Digital dental models (upper, pretreatment; middle, posttreatment; lower, after 53 months of retention).

Close modal
Figure 13.

Retention (53 months after treatment) three-dimensional cone-beam computed tomography images and skeletal and dental measurements. FH, Frankfort horizontal.

Figure 13.

Retention (53 months after treatment) three-dimensional cone-beam computed tomography images and skeletal and dental measurements. FH, Frankfort horizontal.

Close modal

Recently, patient interest in obtaining treatment to improve facial symmetry is becoming more prevalent than ever before. Orthognathic surgery is considered a suitable option for the treatment of facial asymmetry. However, an additional surgical cost, in addition to the cost of orthodontic treatment, along with consideration of the possible complications from surgery might be considered as contraindications to surgery. In cases involving mild facial asymmetry with a small menton deviation of <2 mm, the amount of surgical error, ranging from 0.4 to 3 mm,14  can be similar to or greater than the initial deviation. Thus, orthognathic surgery is not indicated for mild facial asymmetries. Instead, orthodontic correction may be required for correcting such asymmetry.

In this case, the patient's facial asymmetry improved markedly by moving the mandible to the nondeviated side using intermaxillary elastics between microimplants placed in both jaws.8  In addition, the resin guide that was bonded to the maxillary posterior tooth on the deviated side was very effective in shifting the mandible to the nondeviated side. Along with the role of guiding the mandible, the resin guide might produce nonuniform contacts of occlusion and less occlusal contacts on the nondeviated side. This might act as a lateral functional force to shift the mandible toward the nondeviated side. In other words, intentional functional force could be applied to the mandible toward the end of correcting mandibular asymmetry as a mechanism opposite to that for the development of facial asymmetry from a posterior crossbite.15,16  Hence, the condyle on the nondeviated side might experience heavier loading, while the teeth previously had no or fewer occlusal contacts on that side. Consequently, bone resorption on the condyle of the nondeviated side might occur, resulting in improvement of the facial asymmetry. This finding was similar to that of a previous study17  that demonstrated adaptive condylar resorption following functional loading force. The procedures for mandibular repositioning were performed gradually and cautiously over a long-term treatment period to provide sufficient time for bone remodeling and muscular adaptation.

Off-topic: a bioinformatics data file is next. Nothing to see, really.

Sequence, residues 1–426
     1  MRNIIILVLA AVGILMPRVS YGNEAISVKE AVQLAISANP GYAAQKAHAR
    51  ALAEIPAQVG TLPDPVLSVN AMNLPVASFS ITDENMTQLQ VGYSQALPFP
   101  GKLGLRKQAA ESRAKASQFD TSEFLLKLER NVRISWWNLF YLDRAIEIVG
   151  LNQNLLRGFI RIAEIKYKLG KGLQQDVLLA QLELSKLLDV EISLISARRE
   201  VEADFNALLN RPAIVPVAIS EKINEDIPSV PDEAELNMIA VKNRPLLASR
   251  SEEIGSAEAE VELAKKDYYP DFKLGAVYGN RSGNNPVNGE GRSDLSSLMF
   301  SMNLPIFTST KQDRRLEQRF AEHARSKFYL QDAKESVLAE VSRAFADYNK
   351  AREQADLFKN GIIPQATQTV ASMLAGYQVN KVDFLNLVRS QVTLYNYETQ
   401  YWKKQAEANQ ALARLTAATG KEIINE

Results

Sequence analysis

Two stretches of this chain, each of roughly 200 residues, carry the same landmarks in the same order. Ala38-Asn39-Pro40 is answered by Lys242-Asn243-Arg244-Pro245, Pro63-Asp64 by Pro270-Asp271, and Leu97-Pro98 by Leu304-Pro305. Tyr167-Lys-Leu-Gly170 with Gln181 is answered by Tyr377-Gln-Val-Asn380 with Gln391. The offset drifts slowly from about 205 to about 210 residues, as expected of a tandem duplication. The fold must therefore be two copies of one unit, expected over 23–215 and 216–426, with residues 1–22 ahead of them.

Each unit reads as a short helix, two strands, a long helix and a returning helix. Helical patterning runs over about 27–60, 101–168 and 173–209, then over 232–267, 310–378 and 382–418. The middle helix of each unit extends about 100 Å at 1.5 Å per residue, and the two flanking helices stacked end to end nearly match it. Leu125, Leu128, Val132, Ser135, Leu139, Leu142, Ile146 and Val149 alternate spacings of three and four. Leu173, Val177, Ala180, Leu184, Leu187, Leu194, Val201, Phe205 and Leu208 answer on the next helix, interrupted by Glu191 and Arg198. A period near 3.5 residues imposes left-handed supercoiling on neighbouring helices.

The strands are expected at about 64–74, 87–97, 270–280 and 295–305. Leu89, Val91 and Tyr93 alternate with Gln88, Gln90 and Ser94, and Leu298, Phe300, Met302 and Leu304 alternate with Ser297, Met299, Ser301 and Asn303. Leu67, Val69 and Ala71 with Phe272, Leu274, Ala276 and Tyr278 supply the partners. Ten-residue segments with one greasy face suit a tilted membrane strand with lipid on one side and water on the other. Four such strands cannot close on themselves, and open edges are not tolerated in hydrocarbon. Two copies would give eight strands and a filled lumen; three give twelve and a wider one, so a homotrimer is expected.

The transverse cant of the maxillary dentition should be corrected during facial asymmetry treatment. Correction of the transverse occlusal cant can be obtained in two ways with microimplants, including extrusion of the side canted up or intrusion of the side canted down. This approach can be modified based on the skeletal pattern of patients. In hyperdivergent patients, the intrusion of the teeth on side canted down can be chosen, while extrusion of the teeth on the side canted up should be performed in hypodivergent patients. Additionally, the two movements can be combined in patients with normodivergent skeletons. The present patient had a hypodivergent skeletal pattern, and the transverse cant was corrected with more extrusion on the side canted up than intrusion on the side canted down. Once extruded, this might also lead to intrusion of the mandibular dentition on the corresponding side to some extent as a result of heavy occlusal contacts. Thus, the correction of the mandibular occlusal cant was achieved after treatment. Consequently, no obvious increase in the ramus height on the deviated side occurred.